Belur is called Velur or Velapura in old inscriptions and medieval era texts. It was the early capital of the Hoysala kings; the city was so esteemed by the Hoysalas that it is referred to as "earthly Vaikuntha" and "dakshina Varanasi" in inscriptions. One of the Hoyasala kings was Vishnuvardhana, who came to power in 1110 CE, he commissioned the Chennakeshava temple dedicated to Vishnu in 1117 CE after an important military victory in 1116 CE. According to a mythology, Vishnuvardhana built this temple to mark his conversion to Sri Vaishnavism after coming under the influence of Ramanuja, but states Shadakshari Settar, the historical records do not support this theory; the Chennakeshava temple at Belur took 103 years to build. Vishnuvardhana moved his capital to Dvarasamudra, where he started the construction of the Hoysaleswara Temple dedicated to Shiva, its construction continued till he died in 1140 CE. His legacy was continued by his descendants who completed the Hoysaleswara Temple in 1150 CE, the Chennakesava Temple, Somanathapura in 1258 CE.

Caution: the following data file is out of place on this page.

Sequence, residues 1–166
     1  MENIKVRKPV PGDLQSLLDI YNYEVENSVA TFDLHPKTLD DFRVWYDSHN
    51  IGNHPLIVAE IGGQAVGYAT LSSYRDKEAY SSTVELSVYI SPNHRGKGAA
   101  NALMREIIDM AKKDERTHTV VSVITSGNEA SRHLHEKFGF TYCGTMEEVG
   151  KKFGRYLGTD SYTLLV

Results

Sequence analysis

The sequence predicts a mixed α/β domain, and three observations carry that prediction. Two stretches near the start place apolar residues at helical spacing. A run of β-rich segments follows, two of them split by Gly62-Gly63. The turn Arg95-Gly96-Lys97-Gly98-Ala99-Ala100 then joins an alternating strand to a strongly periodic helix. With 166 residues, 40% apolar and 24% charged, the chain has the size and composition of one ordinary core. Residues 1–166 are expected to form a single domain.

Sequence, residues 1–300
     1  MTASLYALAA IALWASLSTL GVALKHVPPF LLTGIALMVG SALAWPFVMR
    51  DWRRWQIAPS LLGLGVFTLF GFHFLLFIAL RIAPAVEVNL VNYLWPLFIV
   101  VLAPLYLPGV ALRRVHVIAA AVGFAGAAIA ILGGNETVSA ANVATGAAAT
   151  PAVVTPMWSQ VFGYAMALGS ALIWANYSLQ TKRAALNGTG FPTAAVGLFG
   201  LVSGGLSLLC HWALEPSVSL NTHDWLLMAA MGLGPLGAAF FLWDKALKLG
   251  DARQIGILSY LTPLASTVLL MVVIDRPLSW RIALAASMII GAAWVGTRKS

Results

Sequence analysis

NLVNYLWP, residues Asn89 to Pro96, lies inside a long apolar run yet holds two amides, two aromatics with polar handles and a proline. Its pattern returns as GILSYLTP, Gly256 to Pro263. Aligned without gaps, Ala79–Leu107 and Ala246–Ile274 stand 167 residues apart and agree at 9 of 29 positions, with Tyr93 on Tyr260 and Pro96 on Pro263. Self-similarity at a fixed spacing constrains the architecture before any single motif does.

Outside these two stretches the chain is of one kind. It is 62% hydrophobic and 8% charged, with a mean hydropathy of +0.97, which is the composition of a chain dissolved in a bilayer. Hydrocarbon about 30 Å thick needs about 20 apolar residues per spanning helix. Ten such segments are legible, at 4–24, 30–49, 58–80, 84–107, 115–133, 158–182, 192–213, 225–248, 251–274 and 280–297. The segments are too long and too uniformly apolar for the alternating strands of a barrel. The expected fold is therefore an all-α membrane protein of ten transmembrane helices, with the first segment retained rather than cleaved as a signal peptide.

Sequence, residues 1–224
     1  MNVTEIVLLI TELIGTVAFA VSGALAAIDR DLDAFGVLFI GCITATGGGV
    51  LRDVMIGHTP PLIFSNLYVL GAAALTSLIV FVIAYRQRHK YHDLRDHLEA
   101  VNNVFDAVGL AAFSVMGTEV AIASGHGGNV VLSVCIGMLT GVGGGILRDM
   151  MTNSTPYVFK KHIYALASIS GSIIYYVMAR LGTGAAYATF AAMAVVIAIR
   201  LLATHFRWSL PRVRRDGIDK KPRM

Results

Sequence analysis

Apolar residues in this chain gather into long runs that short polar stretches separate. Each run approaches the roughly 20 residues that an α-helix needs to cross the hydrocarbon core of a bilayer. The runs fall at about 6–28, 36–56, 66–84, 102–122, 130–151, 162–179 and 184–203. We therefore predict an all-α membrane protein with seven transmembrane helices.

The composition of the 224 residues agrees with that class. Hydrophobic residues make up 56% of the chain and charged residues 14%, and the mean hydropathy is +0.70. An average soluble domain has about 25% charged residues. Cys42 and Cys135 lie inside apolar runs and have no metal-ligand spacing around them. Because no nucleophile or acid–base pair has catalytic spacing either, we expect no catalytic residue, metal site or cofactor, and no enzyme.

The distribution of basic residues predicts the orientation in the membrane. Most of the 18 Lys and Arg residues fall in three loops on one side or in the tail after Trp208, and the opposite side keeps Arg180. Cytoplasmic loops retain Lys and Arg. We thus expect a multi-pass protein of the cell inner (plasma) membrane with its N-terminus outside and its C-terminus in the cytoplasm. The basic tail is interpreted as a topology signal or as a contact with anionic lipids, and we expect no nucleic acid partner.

The Hoysalas employed many noted architects and artisans who developed a new architectural tradition, which art critic Adam Hardy called the Karnata Dravida tradition. The Hoysala Empire and its capital was invaded and destroyed in the early 14th century by Malik Kafur, a commander of the Delhi Sultanate ruler Alauddin Khalji. Belur and Halebidu became the target of plunder and destruction in 1326 CE by another Delhi Sultanate army; the territory was taken over by the Vijayanagara Empire. The Hoysala style, states James C. Harle, came to an end in the mid 14th century, when King Ballala II was killed in a war with the Muslim army led by Malik Kafur. Historians have found 118 inscriptions in the temple complex, dated between 1117 CE to the 18th century, which provide a history of the temple, the grants made to the Chennakeshava temple for its upkeep and the repairs during times. An inscription found on the east wall near the north entrance of the temple's main mandapa states that Vishnuvardhana commissioned the temple for god Vijayanarayana in 1117 CE.